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Automakers have designs on global gains

Southern California has been seen as the undisputed hub of automobile design for decades. But your next Buick or Chrysler could be designed in Europe, or China.
Image: Ed Welburn, vice president of GM Global Design, addresses the media during a press conference for the Buick Riviera concept at the Max M. Fisher building in Detroit
Ed Welburn, vice president of GM Global Design, introduces the Buick Riviera coupe concept — a new vehicle that was designed in China.Gary Malerba / AP

With the largest collection of design studios backed by the world’s largest automobile manufacturers, Southern California has been seen as the undisputed hub of automobile design for decades. But your next Ford or Chrysler could be designed in Europe, or China.

The first automobile design studios appeared in Southern California in the 1970s and just over a dozen have sprung up since then. With its multicultural environment, car culture and trend-setting reputation, Los Angles was seen as a haven removed from the big automakers’ Midwest headquarters where vehicle designers have the freedom to think outside the box.

Car manufacturers have felt it important to keep up with the latest design trends to keep their car designs fresh, and the latest car trends, such as oversized wheels, started out in California before they caught on nationwide.

But now, just as each of the three big U.S. automakers are engaged in large-scale cost-cutting and restructuring programs to bring their North American operations back to profitability, they’re also investing in engineering, design and development centers overseas, aiming to draw on design talents from other regions and develop a more global business outlook.

Perhaps the most striking example of this trend was seen in March when Chrysler said it plans to close down its Pacifica Advance Product Design Center in Carlsbad, Calif. — a studio that focused on vehicle trends decades into the future and had a part in designing some of the U.S. automaker’s biggest recent hits, including the Chrysler 300 sedan.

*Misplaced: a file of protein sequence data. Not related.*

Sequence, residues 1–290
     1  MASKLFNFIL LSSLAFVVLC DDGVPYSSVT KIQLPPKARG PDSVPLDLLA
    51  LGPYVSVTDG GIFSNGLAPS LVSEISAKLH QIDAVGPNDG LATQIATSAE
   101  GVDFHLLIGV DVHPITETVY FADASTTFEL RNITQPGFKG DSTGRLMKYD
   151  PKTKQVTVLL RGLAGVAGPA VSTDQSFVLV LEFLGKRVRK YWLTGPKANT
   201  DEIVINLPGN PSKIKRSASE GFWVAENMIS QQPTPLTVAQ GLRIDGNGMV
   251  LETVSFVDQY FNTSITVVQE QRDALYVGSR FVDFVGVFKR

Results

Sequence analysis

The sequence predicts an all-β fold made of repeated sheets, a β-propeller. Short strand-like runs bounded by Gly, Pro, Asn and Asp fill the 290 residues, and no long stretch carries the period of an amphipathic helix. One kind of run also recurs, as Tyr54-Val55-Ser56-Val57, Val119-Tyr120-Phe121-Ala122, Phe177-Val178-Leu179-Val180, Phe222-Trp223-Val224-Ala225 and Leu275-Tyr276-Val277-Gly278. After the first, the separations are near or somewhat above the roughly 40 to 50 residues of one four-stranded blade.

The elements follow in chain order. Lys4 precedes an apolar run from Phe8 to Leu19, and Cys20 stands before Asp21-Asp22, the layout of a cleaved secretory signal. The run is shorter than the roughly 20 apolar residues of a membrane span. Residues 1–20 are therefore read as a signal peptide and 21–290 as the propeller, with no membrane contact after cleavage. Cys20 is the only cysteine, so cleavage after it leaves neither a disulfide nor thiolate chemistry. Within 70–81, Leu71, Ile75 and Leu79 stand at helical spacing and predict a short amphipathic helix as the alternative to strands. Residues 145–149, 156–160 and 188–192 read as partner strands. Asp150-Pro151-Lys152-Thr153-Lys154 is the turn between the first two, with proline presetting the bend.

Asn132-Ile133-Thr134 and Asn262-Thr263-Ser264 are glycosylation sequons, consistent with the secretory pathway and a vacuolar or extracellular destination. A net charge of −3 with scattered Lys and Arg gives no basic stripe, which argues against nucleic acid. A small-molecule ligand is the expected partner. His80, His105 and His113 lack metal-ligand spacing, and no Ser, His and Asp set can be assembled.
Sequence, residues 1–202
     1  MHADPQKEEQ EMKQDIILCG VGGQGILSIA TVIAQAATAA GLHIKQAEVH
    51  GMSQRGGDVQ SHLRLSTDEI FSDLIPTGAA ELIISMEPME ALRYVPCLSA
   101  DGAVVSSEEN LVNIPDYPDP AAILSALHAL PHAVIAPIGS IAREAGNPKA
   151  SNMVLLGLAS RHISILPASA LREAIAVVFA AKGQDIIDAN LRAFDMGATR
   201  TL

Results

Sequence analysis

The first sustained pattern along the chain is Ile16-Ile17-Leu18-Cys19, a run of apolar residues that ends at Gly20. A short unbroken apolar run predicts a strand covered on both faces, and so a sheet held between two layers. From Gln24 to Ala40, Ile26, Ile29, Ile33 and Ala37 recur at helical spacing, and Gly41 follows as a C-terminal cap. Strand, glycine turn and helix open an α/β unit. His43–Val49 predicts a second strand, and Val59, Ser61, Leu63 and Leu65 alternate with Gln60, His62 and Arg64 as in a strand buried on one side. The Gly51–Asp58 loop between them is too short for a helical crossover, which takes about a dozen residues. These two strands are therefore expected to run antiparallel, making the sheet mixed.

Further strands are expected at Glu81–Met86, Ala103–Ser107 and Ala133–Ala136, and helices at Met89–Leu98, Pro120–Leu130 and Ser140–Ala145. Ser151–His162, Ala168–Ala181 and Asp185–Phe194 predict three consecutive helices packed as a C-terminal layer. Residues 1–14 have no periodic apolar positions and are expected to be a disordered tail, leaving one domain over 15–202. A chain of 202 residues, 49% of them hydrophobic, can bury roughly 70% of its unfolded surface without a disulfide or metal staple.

The decision to center design operations near the company’s headquarters in Auburn Hills, Mich., was not necessarily to shave costs at the automaker, which was acquired last year by private equity firm Cerberus Capital Management for $7.4 billion, having struggled under the ownership of Germany’s Daimler-Benz since 1998, but rather as part of the company’s new global focus, according to Jim Press, Chrysler’s vice-chairman and president.

“There was some foresight in moving design to Los Angeles 30 years ago, but now you’re getting design inputs from all over the world,” said Press in an interview at this year’s New York auto show in March. Vehicle design is becoming less Los Angles-centric and more global, he noted.

Press pointed to Chrysler’s plan to develop a global B-category car — entry-level compact vehicles — with Chinese automaker Chery Automobile to compete with small, inexpensive and fuel-efficient cars like the Chevrolet Aveo, Honda’s Fit and Toyota’s Yaris.

“I think it’s a mistake for Chrysler to close this studio,” said Aaron Bragman, an industry analyst at Global Insight. “I can see why they’d do it to save money, but it takes a very powerful and influential force out of their design team, and California is still one of the big design centers of the world because it’s cosmopolitan and has influences from all over the world, especially from Asia, and you just don’t get that in Detroit.”